A Jewish girlfriend of mine, a guest for the summer in Greece, “freaked” when she saw the undecomposed corpse of St. Efraim the “quick to hear” close to the coastal sea town of Rafina. “This is crazy,” she protested, “I’m getting out of here.” It was bad enough to catch sight of dead bodies under a glass case but worse was to have the living kiss and adore them—that was too much. Indeed, this is a normal reaction. Fear is natural in the face of things we do not understand.
I recently returned from a pilgrimage to San Francisco to the Cathedral of the Holy Virgin. There perched on a dais to the far right of the open space of the beautifully adorned church stood the coffin of St John Maximovitch of Shanghai and San Francisco. The top of the coffin too was covered by a thick glass so that you could peer into his reposing corpse. His body lay in full view—regaled in his richly decorated archbishop’s robes, his pointy bejeweled slippers, looking like they should belong to some Chinese princess instead of an old wise man. At his head lay his Archmandrite’s crown with the central icon of Christ in majesty circled in a frame of gold. His face was covered by an epitrechelion, also richly embroidered with religious scenes and symbolism. But at his bosom were his hands, holding a wooden cross. His hands were dark mahogany brown, the flesh of which was clearly visible to curious peepers.
Now to the uninitiated, gazing into an open casket of someone who’s been deceased for over 48 years could be spooky. In fact, a mother with two grade-school boys visiting the church was taken aback. When the smaller of the brother’s (the one with the black eye) curiously peered into a golden reliquary box lined with neat rows vertically and horizontally of tiny pieces of relics staged on neat cushions around symmetrically circular mounts, he fingered each edge desperately trying to make sense of it, “Mom, what is this?” Even she couldn’t really answer.
Some in the West might be scandalized to see so many body parts, from chips of elbows, to dislocated mandibles, pieces of nail, sometimes entire skulls or hands, exhibited under plain sight. How then do we explain the Orthodox (and Catholic) fascination for the dead? As DH Lawrence once remonstrated, “Christianity is a religion of dust and death.” There are several reasons for deconstructing this Christian fascination with the dead.
First, unlike the West which tries to bury death with the dead, that tries so hard to anaesthesize all traces of it by neat glossy cellophane packaging of animal parts, the Christian East exhorts its faithful to stare death in the face, to keep the remembrance of death daily. Elder (now saint) Porphyrios recounts an anecdote in a 3rd century coenobic monastery of a monk whose job is was to go around to all the other monks of the community and to remind them on a daily basis, “Father, you are going to die.” Remembering the truth that all flesh is born to die, to the contrary of making us morbidly depressed and desperately mournful, has the opposite effect. It imbues our day with the weight and significance that living under a carefree delusional aura of safety cannot. Every act, every choice, every word becomes precious if one keeps the forethought that this day you too might die. Remembrance of death, which the relics spewn all over the sanctuary do so nicely, is actually a blessing. It helps you to savor the day and give thanks for the joy of living. Only when you are intensely aware of death can you appreciate life, ironically.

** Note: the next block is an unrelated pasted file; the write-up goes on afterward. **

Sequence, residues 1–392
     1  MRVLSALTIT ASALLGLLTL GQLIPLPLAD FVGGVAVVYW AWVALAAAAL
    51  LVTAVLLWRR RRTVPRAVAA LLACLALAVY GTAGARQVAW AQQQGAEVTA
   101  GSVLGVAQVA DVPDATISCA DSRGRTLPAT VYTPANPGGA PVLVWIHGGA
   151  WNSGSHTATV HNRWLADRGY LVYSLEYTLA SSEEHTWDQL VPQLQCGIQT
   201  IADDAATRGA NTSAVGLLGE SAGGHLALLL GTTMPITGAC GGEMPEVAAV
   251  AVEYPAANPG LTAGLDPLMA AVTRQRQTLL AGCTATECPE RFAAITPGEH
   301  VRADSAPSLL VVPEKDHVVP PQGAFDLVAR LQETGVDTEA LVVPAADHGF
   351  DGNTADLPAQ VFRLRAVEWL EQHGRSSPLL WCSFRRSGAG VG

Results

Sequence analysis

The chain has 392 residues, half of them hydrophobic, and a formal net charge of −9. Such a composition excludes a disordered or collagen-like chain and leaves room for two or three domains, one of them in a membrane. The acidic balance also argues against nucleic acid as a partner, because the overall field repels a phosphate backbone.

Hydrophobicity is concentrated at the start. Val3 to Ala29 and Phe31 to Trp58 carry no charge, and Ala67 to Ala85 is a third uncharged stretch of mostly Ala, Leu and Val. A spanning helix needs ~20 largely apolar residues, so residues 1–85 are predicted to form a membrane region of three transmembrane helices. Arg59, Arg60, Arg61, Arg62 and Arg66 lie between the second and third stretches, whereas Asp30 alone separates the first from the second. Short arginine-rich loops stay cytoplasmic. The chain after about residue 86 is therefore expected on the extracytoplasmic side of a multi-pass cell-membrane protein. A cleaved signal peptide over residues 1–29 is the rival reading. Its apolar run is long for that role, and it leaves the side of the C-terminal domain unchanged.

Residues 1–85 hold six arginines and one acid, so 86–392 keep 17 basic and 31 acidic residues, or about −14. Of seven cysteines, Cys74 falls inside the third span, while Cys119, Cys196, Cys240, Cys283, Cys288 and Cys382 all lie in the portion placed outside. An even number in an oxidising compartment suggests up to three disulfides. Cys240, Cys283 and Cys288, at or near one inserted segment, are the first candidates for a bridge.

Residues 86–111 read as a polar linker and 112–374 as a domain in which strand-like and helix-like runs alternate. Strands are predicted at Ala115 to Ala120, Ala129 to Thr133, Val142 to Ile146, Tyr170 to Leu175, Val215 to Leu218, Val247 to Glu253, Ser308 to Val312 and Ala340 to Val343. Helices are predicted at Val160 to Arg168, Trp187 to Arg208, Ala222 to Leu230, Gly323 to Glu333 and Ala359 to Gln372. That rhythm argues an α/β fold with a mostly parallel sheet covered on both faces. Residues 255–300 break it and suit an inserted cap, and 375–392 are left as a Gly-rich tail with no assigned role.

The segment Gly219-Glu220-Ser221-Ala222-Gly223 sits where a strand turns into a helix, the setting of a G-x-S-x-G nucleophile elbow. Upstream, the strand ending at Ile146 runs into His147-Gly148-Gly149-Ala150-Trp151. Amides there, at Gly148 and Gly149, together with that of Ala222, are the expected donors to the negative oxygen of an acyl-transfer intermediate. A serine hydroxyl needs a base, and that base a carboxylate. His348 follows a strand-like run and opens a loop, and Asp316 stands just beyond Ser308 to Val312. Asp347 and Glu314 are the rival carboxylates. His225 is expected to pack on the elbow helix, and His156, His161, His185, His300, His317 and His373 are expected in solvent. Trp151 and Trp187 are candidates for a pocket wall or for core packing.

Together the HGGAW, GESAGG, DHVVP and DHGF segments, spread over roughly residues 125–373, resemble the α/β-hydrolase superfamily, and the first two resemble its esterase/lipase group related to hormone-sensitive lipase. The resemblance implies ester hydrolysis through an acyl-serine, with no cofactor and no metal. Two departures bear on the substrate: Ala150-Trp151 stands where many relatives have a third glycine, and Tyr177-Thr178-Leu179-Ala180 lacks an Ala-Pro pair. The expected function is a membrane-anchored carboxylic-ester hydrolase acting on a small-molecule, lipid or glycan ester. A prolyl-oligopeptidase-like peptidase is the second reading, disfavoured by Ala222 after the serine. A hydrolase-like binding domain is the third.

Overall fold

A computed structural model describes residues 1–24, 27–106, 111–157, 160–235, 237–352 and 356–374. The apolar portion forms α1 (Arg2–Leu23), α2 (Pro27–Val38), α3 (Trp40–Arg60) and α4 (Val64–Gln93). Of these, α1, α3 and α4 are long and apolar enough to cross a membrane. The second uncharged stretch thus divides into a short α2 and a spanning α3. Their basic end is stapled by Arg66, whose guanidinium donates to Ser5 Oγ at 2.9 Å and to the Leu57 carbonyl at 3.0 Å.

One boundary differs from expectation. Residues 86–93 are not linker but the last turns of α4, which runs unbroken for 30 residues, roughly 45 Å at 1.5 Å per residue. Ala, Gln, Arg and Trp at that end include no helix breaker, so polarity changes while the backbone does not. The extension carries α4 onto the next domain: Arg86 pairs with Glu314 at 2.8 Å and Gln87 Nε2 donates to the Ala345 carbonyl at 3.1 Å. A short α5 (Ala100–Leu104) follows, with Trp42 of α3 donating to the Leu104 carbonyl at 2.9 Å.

Secondly, the bodies of these dead are brought to view not by human will, but via the divine. Those are not just any dead people, these are saints. They are the sacred dead; our heroes. Their bodies are not to be discarded but revered as vessels of the Holy Spirit. These people in life struggled to gain the likeness of the Holy and in so doing they channeled the Holy Spirit into their very flesh. This is fundamental to our Church’s understanding of the Incarnation. The Spirit not only acts on the spirit but on the body. Indeed, Orthodoxy consecrates each of us as a living icon of the Holy, holding the potential to carry the sacred even in our deepest bones and to the tips of our fingers. It was Christ’s unparalleled act of the Incarnation when God chose to become Man and the Spirit entered into physical time and the material universe that allows for this similar mystery—an ordinary person was so pleasing to God that the Grace of the Holy Spirit infused every part of their body and soul. It’s the vestige of this holiness that we revere—whether a particle of their bone or a tattered piece of their vestment. The stuff of the material world can carry the holiness of the Spirit so that we can see, taste, feel, hear, smell the sacred, as anyone who has experienced the Divine Liturgy can attest to its appeal to all five senses.